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DEA plans to ban three chemicals in bath salts

As reported in previous posts, New Jersey recently banned several chemical compounds that are found in the designer drug bath salts. Now, the U.S. Drug Enforcement Administration is also poised to impose an emergency ban on three chemicals commonly found in the synthetic drug. The three chemicals are methylone, mephedrone and MDPV. The federal agency plans to impose the ban in about a month.

Thirty states, including New Jersey, have passed laws outlawing chemicals found in bath salts. The DEA has said that states may be able to act more quickly than the federal government to make the manufacture, distribution and possession of designer drugs illegal.

The Federal Analog Act makes a drug illegal if its purpose is to mimic the effects of already-illegal drugs and has no other purpose as a product or medical use. Not many cases are pursued under the Federal Analog Act, but the numbers are expected to go up as the numbers of people selling and using designer drugs also rises.

Charges have generally been more commonly brought in cases where a person died, such as a recent case in Minnesota where a man has been charged with murder for giving the synthetic drug 2C-E to another man who overdosed and died.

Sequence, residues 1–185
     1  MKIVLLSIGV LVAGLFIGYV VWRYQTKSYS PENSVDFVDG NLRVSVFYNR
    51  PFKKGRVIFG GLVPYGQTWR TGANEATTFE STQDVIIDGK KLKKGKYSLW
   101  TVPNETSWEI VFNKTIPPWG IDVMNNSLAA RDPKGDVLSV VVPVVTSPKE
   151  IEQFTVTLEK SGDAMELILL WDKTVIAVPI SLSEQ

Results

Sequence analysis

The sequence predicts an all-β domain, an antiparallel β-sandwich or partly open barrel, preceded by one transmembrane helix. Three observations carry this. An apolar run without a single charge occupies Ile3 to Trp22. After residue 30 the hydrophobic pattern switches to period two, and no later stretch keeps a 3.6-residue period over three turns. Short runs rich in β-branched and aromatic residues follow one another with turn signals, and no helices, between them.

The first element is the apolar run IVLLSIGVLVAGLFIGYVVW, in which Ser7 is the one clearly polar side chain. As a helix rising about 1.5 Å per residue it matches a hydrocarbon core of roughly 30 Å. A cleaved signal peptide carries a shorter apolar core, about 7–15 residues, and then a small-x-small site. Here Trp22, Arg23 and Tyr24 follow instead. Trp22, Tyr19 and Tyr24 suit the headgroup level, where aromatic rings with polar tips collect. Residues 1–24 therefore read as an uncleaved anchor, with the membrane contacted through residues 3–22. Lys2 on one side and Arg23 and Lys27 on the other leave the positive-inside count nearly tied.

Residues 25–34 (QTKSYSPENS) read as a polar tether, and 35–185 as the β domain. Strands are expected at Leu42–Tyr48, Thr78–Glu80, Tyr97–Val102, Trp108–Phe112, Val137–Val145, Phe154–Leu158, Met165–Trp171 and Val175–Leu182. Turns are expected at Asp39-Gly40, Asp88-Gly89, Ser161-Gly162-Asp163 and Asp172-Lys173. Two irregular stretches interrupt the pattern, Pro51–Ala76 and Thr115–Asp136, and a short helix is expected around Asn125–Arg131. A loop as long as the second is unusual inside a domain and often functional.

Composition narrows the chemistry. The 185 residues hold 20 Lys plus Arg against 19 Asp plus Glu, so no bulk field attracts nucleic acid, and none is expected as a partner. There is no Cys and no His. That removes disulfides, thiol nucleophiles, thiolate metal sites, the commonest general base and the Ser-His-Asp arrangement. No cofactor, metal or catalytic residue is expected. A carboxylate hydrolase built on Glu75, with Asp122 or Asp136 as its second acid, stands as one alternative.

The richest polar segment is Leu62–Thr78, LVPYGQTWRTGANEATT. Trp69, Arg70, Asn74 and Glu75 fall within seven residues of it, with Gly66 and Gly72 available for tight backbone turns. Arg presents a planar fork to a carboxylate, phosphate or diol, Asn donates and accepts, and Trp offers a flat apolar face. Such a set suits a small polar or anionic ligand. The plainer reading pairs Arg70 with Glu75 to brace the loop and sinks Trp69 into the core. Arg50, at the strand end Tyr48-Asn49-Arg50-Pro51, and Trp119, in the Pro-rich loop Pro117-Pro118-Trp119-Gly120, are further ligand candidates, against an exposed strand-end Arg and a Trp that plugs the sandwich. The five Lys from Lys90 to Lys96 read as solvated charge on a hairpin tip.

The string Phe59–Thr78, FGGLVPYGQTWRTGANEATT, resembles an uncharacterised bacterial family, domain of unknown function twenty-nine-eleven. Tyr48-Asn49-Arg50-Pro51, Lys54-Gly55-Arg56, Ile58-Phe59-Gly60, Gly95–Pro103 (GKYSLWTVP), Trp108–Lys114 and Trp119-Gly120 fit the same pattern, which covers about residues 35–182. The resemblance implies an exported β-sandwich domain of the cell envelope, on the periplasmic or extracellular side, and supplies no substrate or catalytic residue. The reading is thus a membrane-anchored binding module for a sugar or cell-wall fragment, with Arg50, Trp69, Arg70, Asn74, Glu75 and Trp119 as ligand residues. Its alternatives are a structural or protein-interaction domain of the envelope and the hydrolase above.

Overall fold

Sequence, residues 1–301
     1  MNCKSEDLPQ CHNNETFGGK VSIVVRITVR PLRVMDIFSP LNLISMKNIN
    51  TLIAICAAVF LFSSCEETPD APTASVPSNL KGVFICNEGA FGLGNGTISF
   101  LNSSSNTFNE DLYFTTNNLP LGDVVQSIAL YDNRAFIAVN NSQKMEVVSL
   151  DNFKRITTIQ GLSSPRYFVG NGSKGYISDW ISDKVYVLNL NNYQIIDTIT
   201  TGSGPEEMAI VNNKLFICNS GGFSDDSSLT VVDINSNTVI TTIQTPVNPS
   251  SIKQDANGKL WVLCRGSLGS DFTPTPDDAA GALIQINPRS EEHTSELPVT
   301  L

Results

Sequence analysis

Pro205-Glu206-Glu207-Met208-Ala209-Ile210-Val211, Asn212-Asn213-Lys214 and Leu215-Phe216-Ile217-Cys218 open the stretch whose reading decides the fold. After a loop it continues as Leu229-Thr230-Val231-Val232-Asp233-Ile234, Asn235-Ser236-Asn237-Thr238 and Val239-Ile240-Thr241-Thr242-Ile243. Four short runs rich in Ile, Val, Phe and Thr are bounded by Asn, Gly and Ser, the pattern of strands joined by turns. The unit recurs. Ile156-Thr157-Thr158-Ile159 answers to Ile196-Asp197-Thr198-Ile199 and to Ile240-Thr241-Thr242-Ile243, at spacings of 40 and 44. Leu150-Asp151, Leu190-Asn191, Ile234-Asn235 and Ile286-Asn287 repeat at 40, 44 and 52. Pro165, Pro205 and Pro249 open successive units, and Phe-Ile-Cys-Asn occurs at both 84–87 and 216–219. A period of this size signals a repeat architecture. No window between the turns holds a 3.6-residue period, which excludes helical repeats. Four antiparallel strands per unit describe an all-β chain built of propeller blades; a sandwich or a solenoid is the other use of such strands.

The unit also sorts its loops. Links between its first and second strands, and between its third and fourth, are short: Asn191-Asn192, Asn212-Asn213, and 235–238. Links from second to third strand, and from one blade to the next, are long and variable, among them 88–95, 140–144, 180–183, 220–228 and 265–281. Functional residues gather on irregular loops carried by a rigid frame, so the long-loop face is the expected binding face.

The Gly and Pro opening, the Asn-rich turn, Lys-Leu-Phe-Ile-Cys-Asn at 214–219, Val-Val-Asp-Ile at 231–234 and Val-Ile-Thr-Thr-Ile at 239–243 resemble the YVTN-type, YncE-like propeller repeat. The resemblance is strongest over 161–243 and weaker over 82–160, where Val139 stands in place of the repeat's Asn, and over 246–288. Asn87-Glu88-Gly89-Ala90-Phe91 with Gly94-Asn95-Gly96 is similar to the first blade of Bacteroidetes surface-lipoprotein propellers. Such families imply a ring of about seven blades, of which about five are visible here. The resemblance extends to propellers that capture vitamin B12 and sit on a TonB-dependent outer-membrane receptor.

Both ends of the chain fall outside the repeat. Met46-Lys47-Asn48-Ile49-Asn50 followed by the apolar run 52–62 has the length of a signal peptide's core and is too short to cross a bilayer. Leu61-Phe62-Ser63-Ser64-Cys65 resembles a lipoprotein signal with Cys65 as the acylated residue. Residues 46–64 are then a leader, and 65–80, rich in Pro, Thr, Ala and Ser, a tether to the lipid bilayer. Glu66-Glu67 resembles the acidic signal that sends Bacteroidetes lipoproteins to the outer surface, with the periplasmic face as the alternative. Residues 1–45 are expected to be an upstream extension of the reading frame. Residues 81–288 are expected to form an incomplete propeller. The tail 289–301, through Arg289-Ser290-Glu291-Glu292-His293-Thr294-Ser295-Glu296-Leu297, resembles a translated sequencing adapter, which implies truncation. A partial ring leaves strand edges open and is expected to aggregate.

A federal ban would make it easier for federal authorities in one state to press drug charges against out-of-state online designer drug sellers. Last March, the DEA imposed an emergency ban on five chemicals found in synthetic marijuana. Even though this federal ban was placed on the synthetic drug, which is sold as incense, authorities cannot stop the sale and distribution and possession of all fake pot because the chemical make-up of the products can be altered to get around the ban.

It is possible the Federal Analog Act will be used more as a result, but prosecutors who pursue charges under this law have to prove that the drug was sold explicitly for consumption and most of these drugs are labeled "not for human consumption."

Source: Star Tribune, "DEA clamps down on synthetic drugs," Larry Oakes, Sept. 8, 2011

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